hen I requested the task of evaluating Everybody, it was prompted by a piece of news stating that the album would be a “return to the Sea and Cake’s roots”—the guitar-guitar-bass-drums lineup that provided the spine of their early records. Those albums, specifically the trio of The Sea and Cake, Nassau, and The Biz, have their own table in my restaurant. I hadn’t heard of the Sea and Cake until college, when an encounter with “Parasol” suddenly forced me to go out and buy up or download everything they’d done up to that point.
Out in the vast expanse of brushing autumn trees and the curving heliotropic mountaintops of the Hudson Valley, those Sea and Cake albums comfortably nestled me in the place I was, and also mysteriously aroused nostalgic sentiments for the city where I grew up, our shared hometown of Chicago. But the Sea and Cake, unlike the Smashing Pumpkins or Curtis Mayfield or practically any other Chicago artist, made me remember specific details of my childhood. Unlike Al Capone or R.J. Daley or the Jesus Lizard or Twista, the Sea and Cake are sensitive guys. Their clean, pleasing guitars, purling bass, and flittering drums, as distant as the John Hancock building was from my bedroom window on a foggy day, is a Chicago that I feel but can’t express, and is somehow the city I always remember.
What’s confusing about all this is that the Sea and Cake are not a particularly great band. They’re all talented, well-respected musicians, and they write very interesting, skewed soft rock. But none of their albums, with the possible exception of Nassau, would crack any list of my favorites. Many of their albums are spotty, flawed, and have limited replay value. I haven’t listened to Oui in years, and I’m not running to my CD library to listen to it again, and that’s why the Sea and Cake are something of an anomaly in my musical makeup: they’re one of my favorite, most personal bands, but I would never jump into a conversation to wax euphoric about them.
A great teacher once told me, “Good criticism never says outright that something is ‘good’ or ‘bad.’” Fuck that. Everybody is a good album. It does everything that I would want it to do, and in some cases does more. Sam Prekop and Archer Prewitt return to guitars, and the six-string ESP they perform is just as mesmerizing as it was before the latter foolishly decided to jizz keyboard lasers on One Bedroom. Per usual, Eric Claridge and John McEntire are as rhythmically solid as an Israeli tank. Like all Sea and Cake albums, there are ten reliably sufficient songs here, opening with the brisk, sweeping “Up on Crutches” and closing with the typically languid and dreamy “Transparent,” with some stunners sandwiched in between.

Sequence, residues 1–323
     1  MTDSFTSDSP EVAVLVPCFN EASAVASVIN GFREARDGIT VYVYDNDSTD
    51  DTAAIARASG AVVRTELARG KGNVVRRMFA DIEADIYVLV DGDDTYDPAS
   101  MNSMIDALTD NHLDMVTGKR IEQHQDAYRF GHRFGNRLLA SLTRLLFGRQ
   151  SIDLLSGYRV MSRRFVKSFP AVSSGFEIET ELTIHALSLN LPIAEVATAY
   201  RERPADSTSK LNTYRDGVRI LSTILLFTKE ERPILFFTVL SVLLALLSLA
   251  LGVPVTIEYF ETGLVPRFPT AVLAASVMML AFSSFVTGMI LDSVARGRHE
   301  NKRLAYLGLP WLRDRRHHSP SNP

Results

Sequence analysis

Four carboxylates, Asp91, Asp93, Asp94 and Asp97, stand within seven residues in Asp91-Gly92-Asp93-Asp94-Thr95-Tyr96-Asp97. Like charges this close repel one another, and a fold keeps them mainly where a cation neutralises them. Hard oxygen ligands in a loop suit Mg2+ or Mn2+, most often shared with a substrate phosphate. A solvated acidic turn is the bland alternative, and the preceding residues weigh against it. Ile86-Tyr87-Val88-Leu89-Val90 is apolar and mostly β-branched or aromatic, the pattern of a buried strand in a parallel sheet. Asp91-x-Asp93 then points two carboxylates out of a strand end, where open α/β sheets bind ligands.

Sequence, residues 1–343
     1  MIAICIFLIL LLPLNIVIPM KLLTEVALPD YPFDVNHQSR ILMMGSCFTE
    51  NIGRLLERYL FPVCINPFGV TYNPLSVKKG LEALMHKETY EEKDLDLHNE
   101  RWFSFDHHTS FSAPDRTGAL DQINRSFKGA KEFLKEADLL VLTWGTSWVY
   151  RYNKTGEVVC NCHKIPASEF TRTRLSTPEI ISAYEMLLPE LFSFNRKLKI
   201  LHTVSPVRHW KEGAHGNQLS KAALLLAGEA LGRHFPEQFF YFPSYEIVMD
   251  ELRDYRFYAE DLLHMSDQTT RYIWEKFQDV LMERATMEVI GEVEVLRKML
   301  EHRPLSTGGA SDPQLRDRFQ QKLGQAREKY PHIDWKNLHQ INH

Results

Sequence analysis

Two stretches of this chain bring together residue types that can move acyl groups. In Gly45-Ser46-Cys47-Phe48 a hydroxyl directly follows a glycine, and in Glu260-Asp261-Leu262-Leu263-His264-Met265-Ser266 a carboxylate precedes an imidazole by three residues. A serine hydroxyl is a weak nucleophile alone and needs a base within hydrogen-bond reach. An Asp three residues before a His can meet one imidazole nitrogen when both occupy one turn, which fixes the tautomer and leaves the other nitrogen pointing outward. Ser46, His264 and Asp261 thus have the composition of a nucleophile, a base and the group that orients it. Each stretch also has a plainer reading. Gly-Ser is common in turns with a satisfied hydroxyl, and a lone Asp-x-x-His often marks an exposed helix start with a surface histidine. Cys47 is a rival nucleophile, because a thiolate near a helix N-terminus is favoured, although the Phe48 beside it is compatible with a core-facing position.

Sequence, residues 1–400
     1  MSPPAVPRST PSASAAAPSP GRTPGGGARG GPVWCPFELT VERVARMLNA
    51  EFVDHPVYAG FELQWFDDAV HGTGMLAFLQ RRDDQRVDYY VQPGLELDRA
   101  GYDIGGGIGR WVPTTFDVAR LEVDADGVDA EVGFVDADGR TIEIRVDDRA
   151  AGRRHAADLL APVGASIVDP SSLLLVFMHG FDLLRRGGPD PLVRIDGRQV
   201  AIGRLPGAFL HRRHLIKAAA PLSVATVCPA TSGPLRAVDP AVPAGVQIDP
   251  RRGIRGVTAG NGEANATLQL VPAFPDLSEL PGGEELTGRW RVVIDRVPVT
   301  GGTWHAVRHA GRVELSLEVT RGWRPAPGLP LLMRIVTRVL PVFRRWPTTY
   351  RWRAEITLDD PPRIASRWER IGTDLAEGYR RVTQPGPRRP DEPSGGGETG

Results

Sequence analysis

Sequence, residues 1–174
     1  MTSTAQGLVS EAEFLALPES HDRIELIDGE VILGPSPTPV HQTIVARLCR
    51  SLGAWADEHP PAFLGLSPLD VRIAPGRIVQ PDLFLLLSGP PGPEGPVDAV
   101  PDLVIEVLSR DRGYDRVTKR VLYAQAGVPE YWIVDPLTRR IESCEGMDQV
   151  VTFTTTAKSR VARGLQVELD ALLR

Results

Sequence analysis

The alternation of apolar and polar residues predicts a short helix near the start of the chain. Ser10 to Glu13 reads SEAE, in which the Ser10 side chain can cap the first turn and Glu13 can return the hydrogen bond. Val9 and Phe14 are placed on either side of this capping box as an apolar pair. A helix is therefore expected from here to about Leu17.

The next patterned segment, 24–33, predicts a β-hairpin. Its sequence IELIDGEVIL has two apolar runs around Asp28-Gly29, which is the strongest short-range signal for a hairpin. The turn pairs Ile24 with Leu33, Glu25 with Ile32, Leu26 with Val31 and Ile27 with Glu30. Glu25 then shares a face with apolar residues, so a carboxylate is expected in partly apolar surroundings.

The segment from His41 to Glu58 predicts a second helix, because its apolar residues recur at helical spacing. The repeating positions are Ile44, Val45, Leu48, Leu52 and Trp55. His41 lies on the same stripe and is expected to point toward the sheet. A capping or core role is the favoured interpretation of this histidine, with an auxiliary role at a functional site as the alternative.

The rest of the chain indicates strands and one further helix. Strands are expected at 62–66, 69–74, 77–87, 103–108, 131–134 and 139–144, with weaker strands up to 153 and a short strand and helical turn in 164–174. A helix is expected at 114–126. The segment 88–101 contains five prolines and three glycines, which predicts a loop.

For some reason, Everyone and I can’t quite connect the way past Sea and Cake albums have. The songs are just as sinewy and potent as on any of their other albums, save for the forced see-sawing of the terribly titled “Exact to Me.” Even Sam Prekop, the obvious chink in the chain, has been wisely placed in the back of the mix where he belongs, repairing a sonic problem that flawed Oui and One Bedroom.
The dilemma is that I’m merely pacified, and in no way exhilarated. When this criticism was lobbed at Stereolab last year for the underrated Fab Four Suture, I thought that writers were being lazy and idiotic. But the truth is that at this point, and with the roster of Chi-town heavyweights that comprise this band, I expect more—I’m tired of being simply “satisfied” by the Sea and Cake. Perhaps this isn’t the appropriate venue, but in Everyone I see myself changed as a person, critic, and listener. Maybe it’s gotten to the point where I’ve outgrown this stuff, or maybe everyone has moved on, I don’t know. I do know that when I listened to Everyone this past weekend on a trip back to my alma mater, I couldn’t feel that wistful reminiscence anymore. But one thing I will not do is pander down to the band and its fans and tell them that this is “another strong effort by the post-rock titans” and throw out some bleh-standard write-up.
So allow me to draft a letter:
Dear Sam, Archer, Eric, and John,
Thanks for the effort. In return, here’s a soft “B” from an old friend.